Public information on geography, NAICS, revenues and collateral filings can be leveraged to greatly focus marketing efforts. Existing customer data (DDA balances, business credit card and other revolving/term debt availability and utilization, and trade finance and treasury product usage) can be supplemented with purchased data to feed basic algorithms that can identify and prioritize prospective and existing client credit needs.
Financial “spreading” of borrower financial statements.
Most institutions still spread financial statements via manual data entry into a financial spreading software—this despite OCR and document ingestion capabilities that allow scanned financial statements to be imported into spreading platforms. Some loan origination system (LOS) vendors provide for OCR and document ingestion automation, while others provide for the import of data from accounting platforms such as QuickBooks. Rules-based logic can classify this data into a desired format, with the resulting file imported into a spreading system, with only a cursory review required for validation.
Validation of required and received credit due diligence items and vendor order execution.
An LOS often permits the creation of user configurable rule logic that can generate the specific pre-decision and/or pre-closing due diligence items required to be satisfied before a credit request can be evaluated or loan documents prepared. However, many require manual effort to trigger the ordering of flood, property and UCC searches, good standing certs, appraisals/equipment valuations, etc., in addition to user evaluation to confirm when such items have been received and evaluated. The use of knowledge repositories, pattern recognition and unstructured data processing to automate vendor ordering, status assessment and evaluation are all achievable DA tasks.
Generate credit underwriting recommendation/decision.
Most LOS provide for configurable rule logic permitting automated credit recommendations and/or decision rendering. Although automated decision rendering is still predominantly used in consumer lending, larger FIs have been using automated decisioning in small business lending for years. Cognitive automation can expand the power of automated decisioning, notably on annual renewals/reviews, using AI, super data sets, predictive analytics and evidence-based learning.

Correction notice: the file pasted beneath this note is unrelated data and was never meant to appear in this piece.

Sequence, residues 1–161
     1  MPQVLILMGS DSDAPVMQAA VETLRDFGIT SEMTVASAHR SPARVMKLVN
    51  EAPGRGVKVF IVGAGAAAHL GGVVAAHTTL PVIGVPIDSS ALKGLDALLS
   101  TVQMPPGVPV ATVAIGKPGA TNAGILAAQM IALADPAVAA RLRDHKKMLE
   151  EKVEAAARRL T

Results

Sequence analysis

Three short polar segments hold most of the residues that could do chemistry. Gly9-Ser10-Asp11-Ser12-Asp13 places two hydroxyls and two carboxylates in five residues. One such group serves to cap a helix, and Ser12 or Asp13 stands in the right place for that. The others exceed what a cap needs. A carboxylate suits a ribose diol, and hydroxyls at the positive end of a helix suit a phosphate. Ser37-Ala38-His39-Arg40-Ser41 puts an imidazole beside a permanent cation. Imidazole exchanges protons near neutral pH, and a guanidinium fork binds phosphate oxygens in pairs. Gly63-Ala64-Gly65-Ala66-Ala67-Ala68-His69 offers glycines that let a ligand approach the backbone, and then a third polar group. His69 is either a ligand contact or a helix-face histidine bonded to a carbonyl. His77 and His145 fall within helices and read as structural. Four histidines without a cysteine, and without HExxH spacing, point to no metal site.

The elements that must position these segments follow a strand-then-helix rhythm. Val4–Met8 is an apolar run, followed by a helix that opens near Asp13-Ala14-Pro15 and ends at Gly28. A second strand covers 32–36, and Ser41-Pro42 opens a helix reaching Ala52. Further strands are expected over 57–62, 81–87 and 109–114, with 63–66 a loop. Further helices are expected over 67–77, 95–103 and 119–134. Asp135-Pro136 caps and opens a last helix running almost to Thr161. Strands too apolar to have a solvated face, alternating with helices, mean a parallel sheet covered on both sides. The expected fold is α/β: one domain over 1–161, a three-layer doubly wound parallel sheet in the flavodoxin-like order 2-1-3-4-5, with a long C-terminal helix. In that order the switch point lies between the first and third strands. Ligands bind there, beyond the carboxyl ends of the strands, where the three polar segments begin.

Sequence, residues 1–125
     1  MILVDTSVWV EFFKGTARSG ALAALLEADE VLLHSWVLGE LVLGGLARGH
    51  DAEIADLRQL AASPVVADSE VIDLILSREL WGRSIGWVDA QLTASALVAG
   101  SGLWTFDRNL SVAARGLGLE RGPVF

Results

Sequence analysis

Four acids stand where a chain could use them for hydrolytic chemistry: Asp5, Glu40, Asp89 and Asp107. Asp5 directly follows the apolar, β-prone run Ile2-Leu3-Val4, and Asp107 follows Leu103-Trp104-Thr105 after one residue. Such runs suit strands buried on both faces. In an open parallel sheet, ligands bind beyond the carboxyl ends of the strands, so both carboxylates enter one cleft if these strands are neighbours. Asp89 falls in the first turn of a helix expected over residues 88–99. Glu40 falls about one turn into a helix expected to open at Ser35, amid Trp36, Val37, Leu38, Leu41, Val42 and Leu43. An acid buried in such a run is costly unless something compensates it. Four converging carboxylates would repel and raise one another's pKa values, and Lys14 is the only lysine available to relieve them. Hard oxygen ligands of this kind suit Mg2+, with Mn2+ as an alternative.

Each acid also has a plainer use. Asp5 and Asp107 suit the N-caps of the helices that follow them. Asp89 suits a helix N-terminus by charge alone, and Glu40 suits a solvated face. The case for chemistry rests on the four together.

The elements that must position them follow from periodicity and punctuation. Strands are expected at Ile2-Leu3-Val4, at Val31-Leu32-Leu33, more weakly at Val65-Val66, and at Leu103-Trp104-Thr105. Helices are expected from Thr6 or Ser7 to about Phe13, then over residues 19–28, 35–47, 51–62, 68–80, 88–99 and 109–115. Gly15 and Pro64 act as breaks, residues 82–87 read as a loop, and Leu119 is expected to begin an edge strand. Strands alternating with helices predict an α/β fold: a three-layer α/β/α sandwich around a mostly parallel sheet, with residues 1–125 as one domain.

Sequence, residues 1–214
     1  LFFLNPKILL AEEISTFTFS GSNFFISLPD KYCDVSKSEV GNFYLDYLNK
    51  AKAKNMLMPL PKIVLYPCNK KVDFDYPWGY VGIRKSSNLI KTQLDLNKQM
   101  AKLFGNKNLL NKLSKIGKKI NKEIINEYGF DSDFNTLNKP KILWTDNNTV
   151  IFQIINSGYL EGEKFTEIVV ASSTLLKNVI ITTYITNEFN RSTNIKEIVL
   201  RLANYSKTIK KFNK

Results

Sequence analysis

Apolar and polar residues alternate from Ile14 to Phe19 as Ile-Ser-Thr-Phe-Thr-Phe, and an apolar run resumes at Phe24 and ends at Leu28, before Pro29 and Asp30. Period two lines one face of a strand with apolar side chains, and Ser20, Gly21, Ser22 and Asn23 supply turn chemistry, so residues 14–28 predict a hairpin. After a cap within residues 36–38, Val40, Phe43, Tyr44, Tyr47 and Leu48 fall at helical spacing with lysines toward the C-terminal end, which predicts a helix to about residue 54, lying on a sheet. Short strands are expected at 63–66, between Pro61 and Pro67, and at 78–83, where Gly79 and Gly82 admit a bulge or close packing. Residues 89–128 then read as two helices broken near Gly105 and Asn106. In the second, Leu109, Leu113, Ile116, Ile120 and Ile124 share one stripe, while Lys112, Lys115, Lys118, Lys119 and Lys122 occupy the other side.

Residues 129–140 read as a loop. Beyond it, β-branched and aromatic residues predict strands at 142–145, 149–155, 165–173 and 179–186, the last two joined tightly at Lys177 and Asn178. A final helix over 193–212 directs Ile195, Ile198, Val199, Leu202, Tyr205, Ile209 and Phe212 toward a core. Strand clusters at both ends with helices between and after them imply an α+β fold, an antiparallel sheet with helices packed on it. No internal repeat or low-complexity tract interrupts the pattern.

Early problem loan identification.
DA automation, using super data sets, analytics and AI, among other methods, can connect borrower behaviors and economic variables to identify red flags for potential loans. Examples are increased overdraft frequency/amounts/patterns, new/increased credit utilization, past due financial reporting, and significant score changes, among numerous others. Most FIs have barely scratched the surface of using predictive, proactive processes for early problem detection.
Although largely still in its infancy, digital automation is gaining industry momentum and already generating tremendous benefits for financial service firms. Make no mistake, the “art” form that commercial lenders practice will be further automated each year and the best credit officers will thrive in a more productive environment. Banks that enact material and fundamental change to the commercial lending processes can realize significant gains in both efficiency and, more importantly, portfolio growth.
In the past, commercial lenders viewed digital technology as the realm of the mortgage or consumer lender, or maybe the tiniest small business loans. Those days are over, and banks that ignore DA’s transformational opportunities will begin to lag the origination and portfolio benchmarks of the Gonzobankers that forged a new commercial banking path. Isn’t it time to embrace the possible?